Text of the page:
The Children and Family Court Advisory and Support Service (Cafcass) has published guidance on working with children during the coronavirus (COVID-19) pandemic. The guidance sets out arrangements for...
Following a 16 year marriage with two children, the couple's total assets were worth about £9.7m. The husband had brought about £2.1m into the marriage. Having worked as a high earning banker, the husband had left the financial industry in 2007 and was happily employed as a school master earning about £36,000 a year. The drop in income meant the family had been living off capital.
The husband offered the wife £4.17m - 43% of the assets. The wife sought half on the basis of her needs. She had put her needs at in excess of the family assets. She claimed that the husband's non-matrimonial property had been converted into and mixed with matrimonial property and that the husband had alienated certain sums during the marriage. She criticised the husband for not taking up other work in the financial sector.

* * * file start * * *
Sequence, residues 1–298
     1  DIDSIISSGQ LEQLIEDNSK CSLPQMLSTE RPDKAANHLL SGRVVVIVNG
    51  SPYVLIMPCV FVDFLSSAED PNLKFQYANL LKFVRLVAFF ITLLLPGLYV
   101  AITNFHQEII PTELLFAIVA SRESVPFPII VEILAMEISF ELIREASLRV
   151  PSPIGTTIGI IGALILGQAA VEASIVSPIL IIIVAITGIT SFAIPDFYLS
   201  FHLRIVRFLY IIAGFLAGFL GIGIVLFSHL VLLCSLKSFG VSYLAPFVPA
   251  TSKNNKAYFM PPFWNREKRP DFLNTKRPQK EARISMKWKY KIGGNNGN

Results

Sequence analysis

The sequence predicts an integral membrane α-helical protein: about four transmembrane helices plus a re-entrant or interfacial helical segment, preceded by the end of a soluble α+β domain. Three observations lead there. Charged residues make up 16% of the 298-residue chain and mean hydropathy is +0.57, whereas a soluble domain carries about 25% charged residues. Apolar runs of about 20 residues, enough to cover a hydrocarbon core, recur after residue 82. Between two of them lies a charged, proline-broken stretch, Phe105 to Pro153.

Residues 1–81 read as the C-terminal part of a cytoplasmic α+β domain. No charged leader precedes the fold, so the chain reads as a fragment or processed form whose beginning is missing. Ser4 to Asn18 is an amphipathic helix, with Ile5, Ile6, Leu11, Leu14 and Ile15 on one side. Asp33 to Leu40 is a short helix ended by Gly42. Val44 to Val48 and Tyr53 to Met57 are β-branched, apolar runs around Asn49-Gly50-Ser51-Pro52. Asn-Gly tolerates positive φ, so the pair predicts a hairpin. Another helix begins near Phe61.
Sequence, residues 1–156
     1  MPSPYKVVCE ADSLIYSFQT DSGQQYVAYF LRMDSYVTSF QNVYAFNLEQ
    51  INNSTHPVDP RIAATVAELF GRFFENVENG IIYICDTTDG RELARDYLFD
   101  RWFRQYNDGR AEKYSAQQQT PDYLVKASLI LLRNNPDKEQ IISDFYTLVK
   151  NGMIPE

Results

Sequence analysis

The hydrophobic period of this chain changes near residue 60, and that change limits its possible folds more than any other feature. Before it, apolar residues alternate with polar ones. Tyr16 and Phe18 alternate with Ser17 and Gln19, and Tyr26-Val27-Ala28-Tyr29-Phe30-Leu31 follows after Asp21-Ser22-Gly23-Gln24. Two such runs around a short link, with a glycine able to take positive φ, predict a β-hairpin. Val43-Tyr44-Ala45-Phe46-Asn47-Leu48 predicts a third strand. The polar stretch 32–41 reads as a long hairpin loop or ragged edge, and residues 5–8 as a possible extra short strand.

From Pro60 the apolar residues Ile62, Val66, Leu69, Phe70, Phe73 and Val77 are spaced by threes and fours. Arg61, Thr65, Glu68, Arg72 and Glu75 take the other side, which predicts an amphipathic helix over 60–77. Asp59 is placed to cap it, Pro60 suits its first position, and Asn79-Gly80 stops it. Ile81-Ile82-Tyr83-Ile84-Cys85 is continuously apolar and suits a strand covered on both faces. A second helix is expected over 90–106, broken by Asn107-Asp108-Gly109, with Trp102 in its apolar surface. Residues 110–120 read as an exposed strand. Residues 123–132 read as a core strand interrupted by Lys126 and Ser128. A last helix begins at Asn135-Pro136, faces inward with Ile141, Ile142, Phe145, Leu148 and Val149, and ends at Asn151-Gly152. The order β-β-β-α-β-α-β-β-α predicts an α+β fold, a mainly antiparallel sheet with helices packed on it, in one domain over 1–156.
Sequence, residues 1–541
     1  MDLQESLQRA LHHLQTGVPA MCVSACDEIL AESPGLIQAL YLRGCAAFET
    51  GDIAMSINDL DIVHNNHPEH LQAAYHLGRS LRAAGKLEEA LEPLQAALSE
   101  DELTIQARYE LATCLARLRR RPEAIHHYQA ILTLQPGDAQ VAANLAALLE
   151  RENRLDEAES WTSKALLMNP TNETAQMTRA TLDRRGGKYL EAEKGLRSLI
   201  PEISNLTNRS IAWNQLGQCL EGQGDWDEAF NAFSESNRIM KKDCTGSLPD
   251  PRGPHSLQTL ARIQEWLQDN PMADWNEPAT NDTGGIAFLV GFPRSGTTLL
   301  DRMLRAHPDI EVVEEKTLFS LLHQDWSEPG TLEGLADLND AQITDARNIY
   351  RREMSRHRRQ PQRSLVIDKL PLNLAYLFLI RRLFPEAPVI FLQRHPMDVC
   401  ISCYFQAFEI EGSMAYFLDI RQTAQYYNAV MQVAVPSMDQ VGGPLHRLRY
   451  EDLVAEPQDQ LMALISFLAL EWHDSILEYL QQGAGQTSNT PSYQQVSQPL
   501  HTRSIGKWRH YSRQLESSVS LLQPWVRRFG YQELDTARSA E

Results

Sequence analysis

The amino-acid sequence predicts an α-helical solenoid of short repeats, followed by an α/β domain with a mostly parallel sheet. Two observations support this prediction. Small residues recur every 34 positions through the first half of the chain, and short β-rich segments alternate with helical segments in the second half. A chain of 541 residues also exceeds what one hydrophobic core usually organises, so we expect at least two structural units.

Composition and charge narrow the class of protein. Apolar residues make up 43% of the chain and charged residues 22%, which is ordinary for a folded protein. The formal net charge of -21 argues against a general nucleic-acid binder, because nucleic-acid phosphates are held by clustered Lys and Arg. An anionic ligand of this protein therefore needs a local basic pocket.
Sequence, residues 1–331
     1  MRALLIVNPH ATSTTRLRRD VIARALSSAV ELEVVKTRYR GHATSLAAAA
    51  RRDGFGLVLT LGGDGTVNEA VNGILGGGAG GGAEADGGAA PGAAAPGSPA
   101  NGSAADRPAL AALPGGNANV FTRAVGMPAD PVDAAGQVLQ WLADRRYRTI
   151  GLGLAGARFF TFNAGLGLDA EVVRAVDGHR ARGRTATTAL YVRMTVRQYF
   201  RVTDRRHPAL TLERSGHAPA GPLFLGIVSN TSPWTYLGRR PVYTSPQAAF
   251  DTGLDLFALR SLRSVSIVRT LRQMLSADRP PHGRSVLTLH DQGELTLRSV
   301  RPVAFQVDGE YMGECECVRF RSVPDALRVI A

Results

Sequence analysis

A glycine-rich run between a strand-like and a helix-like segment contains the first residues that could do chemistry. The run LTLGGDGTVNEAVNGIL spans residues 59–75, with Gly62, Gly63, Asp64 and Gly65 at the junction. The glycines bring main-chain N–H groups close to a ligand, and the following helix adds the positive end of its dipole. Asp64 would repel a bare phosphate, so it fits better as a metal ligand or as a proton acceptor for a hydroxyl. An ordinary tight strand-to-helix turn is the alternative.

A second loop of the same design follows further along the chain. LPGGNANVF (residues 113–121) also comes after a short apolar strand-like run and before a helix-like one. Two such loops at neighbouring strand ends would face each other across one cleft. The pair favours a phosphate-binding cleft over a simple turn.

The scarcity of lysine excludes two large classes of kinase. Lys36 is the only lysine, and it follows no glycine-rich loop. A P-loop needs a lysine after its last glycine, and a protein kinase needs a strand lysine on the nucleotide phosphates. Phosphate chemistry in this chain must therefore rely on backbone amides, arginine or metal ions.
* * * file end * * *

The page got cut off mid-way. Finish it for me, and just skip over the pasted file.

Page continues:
The treatment of non-matrimonial property is highly fact specific and very discretionary. The two-step approach is generally correct, subject always to needs. Here £1m of the husband's premarital wealth would be excluded from the sharing principle giving the wife 44.7% of the overall assets. She would have received a lower percentage but for her needs.